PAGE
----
Demon Hunting and Tenth Dimensional Physics: May 2012

Wednesday, May 23, 2012

World Takeover

By 2028, I think the Office of Letters and Light (the people that bring us NaNoWriMo and Script Frenzy) will be able to stake a claim on every month of the year. look at it now--we're one third of the way there with NaNoWriMo/Young Writers' Program, Script Frenzy, and two session of Camp NaNoWriMo.

Not that I'm complaining. I love NaNo. Hence the reason my bags are packed to go to camp next month. I can already hear the cicadas humming and smell the bonfire. Plus, I hear they've upgraded the inner editor stables after last year's mishap--higher voltage, more guards, and a shark-filled moat.

There is one thing I miss about the real deal, November event--the worldwide hum is gone. Or it hasn't arrived. I'm not sure which. Last year, around October, I posted about the hum. When all the people in the world start getting ready to write novels and novellas and what have you, all that unified thought creates an energy that hums and resonates with everyone else about to jump into that bushel of crazy.

But then again, maybe it's not gone. Maybe those cicadas are the hum. Maybe it's been set free from its normal bonds, left to roam through the summer like we all are during camp. maybe it really just wants to run naked through the hills and take us along for the ride (I promise, I'm not stoned). I'd like to think that's what it really is--just something different. But, if you focus on it, you can find it, even in Camp NaNoWriMo season. By May 31st, we'll all be singing about deer and antelope typing away at their manuscripts, I think...and then the world will be silent but for the rat-a-tat-tat of thousands of typing fingers.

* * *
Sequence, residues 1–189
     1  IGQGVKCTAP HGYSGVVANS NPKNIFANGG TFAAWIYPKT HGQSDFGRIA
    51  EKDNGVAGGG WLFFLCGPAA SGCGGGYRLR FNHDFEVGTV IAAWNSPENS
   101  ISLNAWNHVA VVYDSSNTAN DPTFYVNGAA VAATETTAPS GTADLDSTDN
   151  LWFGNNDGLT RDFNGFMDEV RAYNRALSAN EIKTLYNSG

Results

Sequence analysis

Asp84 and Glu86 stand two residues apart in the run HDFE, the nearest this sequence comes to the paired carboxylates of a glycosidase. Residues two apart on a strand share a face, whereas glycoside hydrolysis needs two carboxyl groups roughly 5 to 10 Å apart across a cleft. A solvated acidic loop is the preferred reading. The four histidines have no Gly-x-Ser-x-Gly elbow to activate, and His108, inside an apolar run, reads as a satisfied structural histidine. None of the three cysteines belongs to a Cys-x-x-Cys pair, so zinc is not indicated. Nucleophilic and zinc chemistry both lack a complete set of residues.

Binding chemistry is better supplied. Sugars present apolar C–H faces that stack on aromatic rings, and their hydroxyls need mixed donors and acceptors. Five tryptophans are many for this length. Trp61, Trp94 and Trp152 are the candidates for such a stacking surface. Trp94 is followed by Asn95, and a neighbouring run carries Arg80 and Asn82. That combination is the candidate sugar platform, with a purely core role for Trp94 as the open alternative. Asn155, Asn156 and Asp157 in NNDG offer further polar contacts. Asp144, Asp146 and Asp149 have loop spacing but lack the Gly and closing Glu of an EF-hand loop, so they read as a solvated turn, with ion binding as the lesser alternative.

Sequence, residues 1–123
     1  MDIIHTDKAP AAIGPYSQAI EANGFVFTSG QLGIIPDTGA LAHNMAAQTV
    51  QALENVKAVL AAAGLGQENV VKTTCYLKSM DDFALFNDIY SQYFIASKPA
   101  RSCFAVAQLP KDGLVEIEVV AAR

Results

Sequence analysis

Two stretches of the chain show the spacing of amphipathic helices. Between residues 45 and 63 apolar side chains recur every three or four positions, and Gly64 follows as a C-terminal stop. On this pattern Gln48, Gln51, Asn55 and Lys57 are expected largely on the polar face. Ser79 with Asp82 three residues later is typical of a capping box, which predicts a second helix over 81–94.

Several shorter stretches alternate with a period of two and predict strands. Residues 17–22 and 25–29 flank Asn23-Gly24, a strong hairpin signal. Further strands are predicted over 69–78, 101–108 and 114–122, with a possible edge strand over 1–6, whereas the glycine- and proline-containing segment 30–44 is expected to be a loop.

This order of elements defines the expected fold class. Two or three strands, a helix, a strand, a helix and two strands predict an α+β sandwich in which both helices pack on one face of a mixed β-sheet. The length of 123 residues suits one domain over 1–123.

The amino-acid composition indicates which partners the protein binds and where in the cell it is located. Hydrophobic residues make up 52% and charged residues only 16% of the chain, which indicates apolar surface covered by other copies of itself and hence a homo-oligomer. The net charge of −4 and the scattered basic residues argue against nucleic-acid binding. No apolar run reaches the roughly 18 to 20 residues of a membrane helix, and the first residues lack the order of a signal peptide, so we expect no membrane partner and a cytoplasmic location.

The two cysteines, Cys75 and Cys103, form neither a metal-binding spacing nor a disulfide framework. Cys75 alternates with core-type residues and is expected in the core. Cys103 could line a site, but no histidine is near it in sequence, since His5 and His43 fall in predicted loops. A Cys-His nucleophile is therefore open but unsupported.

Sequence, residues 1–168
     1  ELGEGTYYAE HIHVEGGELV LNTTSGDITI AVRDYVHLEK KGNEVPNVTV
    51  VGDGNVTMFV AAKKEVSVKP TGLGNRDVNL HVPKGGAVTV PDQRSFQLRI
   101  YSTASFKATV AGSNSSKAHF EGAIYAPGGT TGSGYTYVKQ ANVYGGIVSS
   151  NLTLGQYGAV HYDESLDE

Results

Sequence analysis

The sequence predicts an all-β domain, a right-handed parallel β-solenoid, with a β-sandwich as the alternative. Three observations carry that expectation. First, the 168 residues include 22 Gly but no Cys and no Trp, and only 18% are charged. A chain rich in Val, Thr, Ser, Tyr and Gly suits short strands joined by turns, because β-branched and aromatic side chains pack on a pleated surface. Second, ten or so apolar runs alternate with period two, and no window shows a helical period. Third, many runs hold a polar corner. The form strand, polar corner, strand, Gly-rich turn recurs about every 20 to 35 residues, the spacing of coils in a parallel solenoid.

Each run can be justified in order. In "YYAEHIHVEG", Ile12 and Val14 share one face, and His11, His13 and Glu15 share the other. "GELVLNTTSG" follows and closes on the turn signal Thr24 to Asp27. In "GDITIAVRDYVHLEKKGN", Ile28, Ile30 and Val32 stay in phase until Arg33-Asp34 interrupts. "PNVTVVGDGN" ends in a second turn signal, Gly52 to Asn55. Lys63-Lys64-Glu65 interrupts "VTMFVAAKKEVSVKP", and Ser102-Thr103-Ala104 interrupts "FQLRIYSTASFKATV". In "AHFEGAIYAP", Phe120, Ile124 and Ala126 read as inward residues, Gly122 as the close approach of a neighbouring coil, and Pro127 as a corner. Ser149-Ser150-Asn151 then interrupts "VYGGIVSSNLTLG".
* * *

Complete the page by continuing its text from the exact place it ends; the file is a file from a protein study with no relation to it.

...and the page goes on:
Sorry. NaNo makes me emotional.

I'll be off, then...but listen for the should be coming to a neighborhood near you soon enough.

Off to rewrite 'Home on the Range,'

Saturday, May 5, 2012


Okay, I had one-more A to Z-ish post left in me.

I gave a lot of rules this last month, and I'm now going to share the most important rule of all. But first, let's talk photography. In photography, they give you a whole slew of rules: the rule of thirds, the rule of negative space, and the whole stack of rules about eyes. But after that, they always tell you one thing, no matter what: now that you know the rules, you can break them.

So that's the really important rule for writing, above all the other 'normal' rules I told you before. This is the secret one you get to learn when you slog through the swamp: once you earn the rules of writing, you're more than welcome to break them all. On purpose.

That's all,